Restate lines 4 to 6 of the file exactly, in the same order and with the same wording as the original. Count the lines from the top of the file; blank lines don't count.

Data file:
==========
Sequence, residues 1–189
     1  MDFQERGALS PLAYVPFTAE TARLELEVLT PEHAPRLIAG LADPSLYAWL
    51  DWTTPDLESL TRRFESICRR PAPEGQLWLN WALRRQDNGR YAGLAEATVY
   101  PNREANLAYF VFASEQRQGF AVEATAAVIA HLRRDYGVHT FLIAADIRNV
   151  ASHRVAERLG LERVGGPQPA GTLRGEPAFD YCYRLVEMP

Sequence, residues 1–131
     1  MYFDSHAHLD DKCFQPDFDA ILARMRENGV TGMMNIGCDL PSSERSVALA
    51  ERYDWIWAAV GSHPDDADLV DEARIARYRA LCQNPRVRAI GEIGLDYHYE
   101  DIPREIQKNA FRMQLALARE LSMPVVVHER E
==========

   101  PNREANLAYF VFASEQRQGF AVEATAAVIA HLRRDYGVHT FLIAADIRNV
   151  ASHRVAERLG LERVGGPQPA GTLRGEPAFD YCYRLVEMP

Sequence, residues 1–131